Where Were You?
Elana Kieffer says:
Jill Lofchie adds:
Though political engagement varied among the quests, all seemed to highly enjoy the event. I know some of the candidates' comments agitated the guests and spurred conversation at the event, which will hopefully lead to increased knowledge and political activism among the attendees.
Mingling at Tommy Doyle's
Hollen Reischer writes:
Over 100 young Jewish Chicagoans came together on October 7th to watch Obama and McCain square off on the issues. The bustling group braved an awful downpour for the opportunity to squash into a private room at Ginger's Ale House. Our numbers were so strong that we spilled out of our space, claiming nearly every seat at the sprawling bar. After inspiring introductions by Righteous Indignation Project party-organizer-extraordinaire Julia Leis and representatives Jane Ramsey and Sam Finkelstein from the Jewish Council on Urban Affairs, the crowd enjoyed conversation over delicious drinks and scrumptious snacks. Party attendees were respectful, engaged, and enthusiastic about coming together in the name of civic engagement. A fantastic time was had by all; it was wonderful to see such a strong and diverse group present for the significant evening.
Photos by Joanie LaPorte
Lisa Warshaw writes:
Progressive minds merged to savor the flavor of Mama’s Hot Tamales and digest a dose of debate in
Photos by Miriam Fogelson
Shira Levine reports:
It was cool to see the enthusiasm everyone shared in wanting to witness historic dialogue and debate in a public forum rather than in the comforts of their homes with a select few friends or alone with the remote, volume and rewind button control and DVR.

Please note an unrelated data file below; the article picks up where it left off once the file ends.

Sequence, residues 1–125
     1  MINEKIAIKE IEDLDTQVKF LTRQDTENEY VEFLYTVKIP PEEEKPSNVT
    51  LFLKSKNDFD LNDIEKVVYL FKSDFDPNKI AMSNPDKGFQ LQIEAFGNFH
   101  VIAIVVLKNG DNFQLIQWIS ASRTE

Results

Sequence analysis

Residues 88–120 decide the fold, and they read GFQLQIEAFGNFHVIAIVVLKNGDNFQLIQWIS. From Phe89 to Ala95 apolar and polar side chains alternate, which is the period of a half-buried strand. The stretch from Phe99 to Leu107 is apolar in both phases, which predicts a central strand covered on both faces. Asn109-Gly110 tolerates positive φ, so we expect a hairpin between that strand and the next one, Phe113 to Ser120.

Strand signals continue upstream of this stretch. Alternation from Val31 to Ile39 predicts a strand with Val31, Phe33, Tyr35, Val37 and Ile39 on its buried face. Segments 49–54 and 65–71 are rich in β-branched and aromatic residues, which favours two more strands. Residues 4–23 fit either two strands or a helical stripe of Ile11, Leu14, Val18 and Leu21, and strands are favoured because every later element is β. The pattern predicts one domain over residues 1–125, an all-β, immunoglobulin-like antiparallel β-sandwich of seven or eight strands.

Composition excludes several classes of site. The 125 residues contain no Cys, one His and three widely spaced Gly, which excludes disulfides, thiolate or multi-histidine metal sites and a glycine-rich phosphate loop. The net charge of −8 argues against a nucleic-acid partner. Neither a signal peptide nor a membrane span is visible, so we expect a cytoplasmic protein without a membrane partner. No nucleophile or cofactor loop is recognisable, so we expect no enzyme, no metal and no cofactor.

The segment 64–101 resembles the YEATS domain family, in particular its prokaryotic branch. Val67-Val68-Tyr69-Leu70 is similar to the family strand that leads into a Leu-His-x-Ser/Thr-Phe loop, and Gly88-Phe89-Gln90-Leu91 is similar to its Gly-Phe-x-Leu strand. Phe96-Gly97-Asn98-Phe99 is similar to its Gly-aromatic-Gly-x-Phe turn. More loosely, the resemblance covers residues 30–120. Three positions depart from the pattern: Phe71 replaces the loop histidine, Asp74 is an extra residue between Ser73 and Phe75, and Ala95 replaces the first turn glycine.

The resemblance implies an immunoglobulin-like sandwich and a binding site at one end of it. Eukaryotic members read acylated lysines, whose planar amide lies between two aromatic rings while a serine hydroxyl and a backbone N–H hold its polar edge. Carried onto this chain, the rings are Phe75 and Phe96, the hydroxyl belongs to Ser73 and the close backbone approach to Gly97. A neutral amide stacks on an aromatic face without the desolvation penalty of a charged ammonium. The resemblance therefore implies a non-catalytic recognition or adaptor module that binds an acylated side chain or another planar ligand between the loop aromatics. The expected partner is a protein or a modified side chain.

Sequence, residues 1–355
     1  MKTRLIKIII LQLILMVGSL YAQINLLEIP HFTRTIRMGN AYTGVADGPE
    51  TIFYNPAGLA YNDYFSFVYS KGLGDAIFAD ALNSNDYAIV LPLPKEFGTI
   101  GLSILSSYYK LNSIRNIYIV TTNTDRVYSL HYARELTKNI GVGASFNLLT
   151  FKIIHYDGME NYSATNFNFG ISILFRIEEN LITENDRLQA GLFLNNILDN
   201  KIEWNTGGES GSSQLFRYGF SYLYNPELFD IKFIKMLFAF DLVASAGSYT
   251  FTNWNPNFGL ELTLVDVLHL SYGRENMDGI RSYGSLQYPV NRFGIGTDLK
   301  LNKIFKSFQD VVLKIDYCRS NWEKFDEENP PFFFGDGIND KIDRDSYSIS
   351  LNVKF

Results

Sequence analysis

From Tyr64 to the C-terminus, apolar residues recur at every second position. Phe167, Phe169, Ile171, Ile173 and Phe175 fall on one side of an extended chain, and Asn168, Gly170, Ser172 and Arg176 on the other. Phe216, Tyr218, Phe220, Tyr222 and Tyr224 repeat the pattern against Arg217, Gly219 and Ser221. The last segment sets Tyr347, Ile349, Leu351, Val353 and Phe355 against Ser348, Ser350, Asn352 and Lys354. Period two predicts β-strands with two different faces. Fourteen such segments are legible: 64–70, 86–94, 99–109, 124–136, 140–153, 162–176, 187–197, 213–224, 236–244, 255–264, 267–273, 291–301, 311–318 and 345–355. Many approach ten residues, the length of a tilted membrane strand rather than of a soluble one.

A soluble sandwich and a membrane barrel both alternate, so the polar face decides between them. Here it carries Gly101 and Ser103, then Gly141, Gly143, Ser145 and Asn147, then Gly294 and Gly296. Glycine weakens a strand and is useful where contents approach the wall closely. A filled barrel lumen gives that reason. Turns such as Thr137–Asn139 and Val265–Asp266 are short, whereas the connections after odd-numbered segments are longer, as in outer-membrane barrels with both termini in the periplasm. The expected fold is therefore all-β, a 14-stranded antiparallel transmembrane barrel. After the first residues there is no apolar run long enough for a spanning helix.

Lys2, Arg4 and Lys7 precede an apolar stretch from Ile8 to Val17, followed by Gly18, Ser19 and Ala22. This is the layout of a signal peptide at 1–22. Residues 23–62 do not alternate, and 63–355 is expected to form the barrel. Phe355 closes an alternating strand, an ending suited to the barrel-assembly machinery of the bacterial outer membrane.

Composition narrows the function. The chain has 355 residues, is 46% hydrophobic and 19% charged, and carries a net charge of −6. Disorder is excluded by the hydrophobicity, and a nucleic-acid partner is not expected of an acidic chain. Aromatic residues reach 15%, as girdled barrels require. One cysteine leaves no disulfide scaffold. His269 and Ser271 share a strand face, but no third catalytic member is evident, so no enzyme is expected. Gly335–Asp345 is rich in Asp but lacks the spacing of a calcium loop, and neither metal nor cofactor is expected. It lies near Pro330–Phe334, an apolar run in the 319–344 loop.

"But it wasn't simply a get together to watch the debates," said Randi Greenberg, a web editor at Metropolis. "The panel that preceded the debate consisted of well-chosen experts who explained what would be the main points of discussion in the televised debate."
The issue debriefing was a favorite for many. "The pre-debate panelists were super informative," said Shirley Politzer, a Jewish educator. "It was very helpful to hear their insight right before the debate began."
For Greenberg it was different. "It's nice to watch the debates with like-minded peers and it was a good time for me to discover other causes too."
Many people didn't think 300 people watching the debates together would work. But a room full of opinionated global citizens is also a pack of conscientious folk who for the most part knew when to shut-up. Bingo also went over well. People were psyched to keep track of McCain and Obama's overused rhetoric. So did the side screen of questions guests hypothetically created for the candidates. In all, Debate Watch ended up a nice marriage of different organizations collaborating on ideas and ideals.
To see more NY photos by Miriam Fogelson, please click here. To see photos by Anna Schwartz, please click here.
Photos by Michael Hauser